So July 8th will be my five year diaversary - hard to believe it's been that long! But in a way it hasn't. As some of you know I was misdiagnosed type 2. I knew I had Diabetes by my symptoms and asked for a blood test. It was only a month until I was due to retire and move to Guatemala. I was told I had Type 2 Diabetes and put on several oral meds. I had a single visit with a dietician/cde and I said, "I eat very healthy; I haven't had sugar in 13 years and I'm a vegetarian." She agreed that I probably didn't need to change anything. She was wrong of course; as a vegetarian I ate lots of rice, pasta, potatoes and bread. But I took my meds, ate whatever I wanted, tested a couple times a day and my numbers were good.In general, I was very little affected by my Diabetes. My life was rich and full with my Central American adventure and Diabetes had little impact on me.
Fast forward 15 months and suddenly the stable numbers started going up. My doctor switched my meds around and the numbers still kept going up. I started to realize I needed insulin but didn't know why as I had read that Type 2's could go a decade or longer before needing insulin. I started researching and ended up on TuD. All my research led me to recognize that I was Type 1 (LADA). I had one visit to an endo in Guatemala who had never heard of LADA but confirmed my list of five things that told me I was Type 1.
Once I got clear on my real diagnosis and began my insulin journey everything changed for me. I wasn't upset by being Type 1, I was relieved because it made sense and I could now treat my "real" condition. I learned about carbs and started changing my diet. With no medical guidance to speak of I immersed myself in learning how to manage my type 1 myself. I found this wonderful community and I felt a sense of pride.
When I worked in the AIDS epidemic in the 80s I learned the phrase "People with AIDS" (PWA's); today we use the phrase "People with Diabetes - PWD's". I have always agreed with the idea that saying I'm a person with diabetes (or a person with type 1) is better than saying "I'm a diabetic" because it is not all of who I am. But...there is also that sense of pride. Pride isn't exactly the right word. In Mental Health we talk about a client who has "bought in": they are accepting of their diagnosis and involved in their own treatment..and, therefore they are empowered. There are plenty of diabetics who are not "bought in" - they either ignore their D or do what the doctor says without questioning much. When I thought I was Type 2 I wasn't "bought in". Please understand I'm not making a Type 2/Type 1 breakdown. I think there are people of both types who are bought in and empowered, and people of both types who are not. That's just how it played out for me.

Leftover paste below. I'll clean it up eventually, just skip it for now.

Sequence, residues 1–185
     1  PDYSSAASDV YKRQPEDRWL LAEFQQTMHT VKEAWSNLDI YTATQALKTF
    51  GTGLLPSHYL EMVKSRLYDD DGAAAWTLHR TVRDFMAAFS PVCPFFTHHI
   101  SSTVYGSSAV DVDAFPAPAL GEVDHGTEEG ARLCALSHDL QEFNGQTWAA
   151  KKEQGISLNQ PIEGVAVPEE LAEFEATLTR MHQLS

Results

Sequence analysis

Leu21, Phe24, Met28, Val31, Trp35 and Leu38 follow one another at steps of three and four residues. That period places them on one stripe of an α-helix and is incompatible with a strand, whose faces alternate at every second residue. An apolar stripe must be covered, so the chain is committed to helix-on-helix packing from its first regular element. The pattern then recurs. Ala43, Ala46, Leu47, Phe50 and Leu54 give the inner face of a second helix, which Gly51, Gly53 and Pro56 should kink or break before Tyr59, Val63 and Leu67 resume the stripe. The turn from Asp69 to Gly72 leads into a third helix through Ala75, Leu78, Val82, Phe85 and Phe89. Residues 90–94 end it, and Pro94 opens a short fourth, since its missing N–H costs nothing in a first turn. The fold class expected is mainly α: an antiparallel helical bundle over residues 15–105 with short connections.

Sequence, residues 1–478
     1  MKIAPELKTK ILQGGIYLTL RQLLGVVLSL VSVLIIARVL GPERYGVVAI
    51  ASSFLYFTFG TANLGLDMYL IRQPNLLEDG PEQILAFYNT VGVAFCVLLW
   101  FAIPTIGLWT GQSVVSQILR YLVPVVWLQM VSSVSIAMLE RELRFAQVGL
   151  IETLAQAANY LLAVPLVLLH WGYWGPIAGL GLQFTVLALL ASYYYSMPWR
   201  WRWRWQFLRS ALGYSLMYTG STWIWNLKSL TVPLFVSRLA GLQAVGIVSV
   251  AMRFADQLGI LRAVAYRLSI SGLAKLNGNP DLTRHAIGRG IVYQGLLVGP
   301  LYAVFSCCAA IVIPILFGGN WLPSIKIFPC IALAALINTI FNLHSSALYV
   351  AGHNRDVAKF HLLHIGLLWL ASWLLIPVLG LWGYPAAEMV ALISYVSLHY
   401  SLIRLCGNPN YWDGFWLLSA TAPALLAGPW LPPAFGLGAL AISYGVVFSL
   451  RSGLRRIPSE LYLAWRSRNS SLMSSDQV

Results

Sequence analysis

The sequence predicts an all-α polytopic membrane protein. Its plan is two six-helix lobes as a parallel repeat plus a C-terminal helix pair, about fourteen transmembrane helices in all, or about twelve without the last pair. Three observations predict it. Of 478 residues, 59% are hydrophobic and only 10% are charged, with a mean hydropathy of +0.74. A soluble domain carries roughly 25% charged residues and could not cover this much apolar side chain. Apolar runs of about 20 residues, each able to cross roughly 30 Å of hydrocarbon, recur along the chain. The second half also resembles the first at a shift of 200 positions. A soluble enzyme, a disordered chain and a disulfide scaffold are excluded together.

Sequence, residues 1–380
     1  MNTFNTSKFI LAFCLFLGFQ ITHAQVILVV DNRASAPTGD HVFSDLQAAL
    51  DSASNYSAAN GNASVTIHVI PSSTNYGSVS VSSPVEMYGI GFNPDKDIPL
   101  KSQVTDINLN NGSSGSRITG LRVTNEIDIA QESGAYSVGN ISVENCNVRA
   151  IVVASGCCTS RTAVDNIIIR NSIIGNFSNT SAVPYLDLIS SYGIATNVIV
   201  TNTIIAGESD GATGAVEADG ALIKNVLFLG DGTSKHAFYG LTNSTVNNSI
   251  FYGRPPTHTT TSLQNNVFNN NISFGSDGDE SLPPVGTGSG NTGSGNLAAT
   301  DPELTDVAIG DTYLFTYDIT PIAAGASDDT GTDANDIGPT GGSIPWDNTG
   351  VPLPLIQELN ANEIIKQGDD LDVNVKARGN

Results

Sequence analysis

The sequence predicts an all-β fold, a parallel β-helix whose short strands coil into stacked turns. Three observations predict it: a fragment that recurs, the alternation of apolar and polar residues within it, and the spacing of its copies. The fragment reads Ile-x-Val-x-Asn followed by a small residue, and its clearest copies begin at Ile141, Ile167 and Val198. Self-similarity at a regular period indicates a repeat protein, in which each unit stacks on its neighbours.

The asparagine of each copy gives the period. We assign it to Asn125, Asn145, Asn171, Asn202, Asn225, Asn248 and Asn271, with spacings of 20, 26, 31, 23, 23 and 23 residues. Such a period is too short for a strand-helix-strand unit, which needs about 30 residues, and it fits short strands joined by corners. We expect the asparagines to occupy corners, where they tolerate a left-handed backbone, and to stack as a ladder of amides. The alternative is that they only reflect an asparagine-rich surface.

So when I started to think about my upcoming Diaversary I realized it feels more like I began my current journey with D when I started on Insulin and when I determined my correct diagnosis (between February and April 2009 - nearly two years later!). But which date I celebrate my Diaversary isn't that important to me and the first date is as good as any. What is important is the whole idea of identity and being bought in and empowered. So that's the question I have for all of you. Do you feel you are bought in to your D identity? Did that happen right away or was it a process?
Wow, 54 years...a lifetime! Don't know whether to say congrats or I'm sorry. But judging by your pics you're having a wonderful full life despite Type 1, and isn't that what counts!
Zoe, I have done everything that I have ever wanted to do. It has never been in my way. I am an avid hunter and fisherman. Up at 3am and in the woods by 4:30am up the side of mountains. Still doing this today at 57yyoung.
Thanx for the congtrats!!!
My story of acceptance : I bought in .
Going back 29 plus years , realizing something was amiss , visiting GP on a Friday and suggesting to him that I may have diabetes ,Doc asked me to pee into a kidney basin , put a stick into urine and confirmed my suspicion .Following Saturday to the lab , which became a weekly mission .GP put me on medication .Working in a Hospital Food Service setting and being aware of the relationship between food, medication ,exercise and diabetes I decided to continue living with diabetes to the best of my know how .6 Weeks later with no hint of the BG's coming down ...kept on hovering around 250 I asked Doc to put me on insulin . I was hospitalized for 5 days (same hospital where I worked ) to include learning about the insulin process ; received privileges to leave the hospital to continue my daily walks , as long as I reported to the Lab by 4 pm . I attended a Canadian Diabetes Association event spring 1983 at Simon Fraser University, BC and sat in at several group discussions . A start to become involved , getting to know others with diabetes .In the mid eighties I was asked be involved with the planning of an Educational event , including being the Volunteer Chair , attended by well over 300 PWD and educators .A side note : Only today I learned on FB , that Dr. John Hunt , who started 50 years ago CDA's Children Camp Kakhamela in British Columbia , will be the Speaker at the Camp's Anniversary ,as he was at the event I chaired .( from the web : The camp is named after our first Medical Director, Dr. John Hunt Kakamela is a local First Nations word which means the hunt). How appropiate :)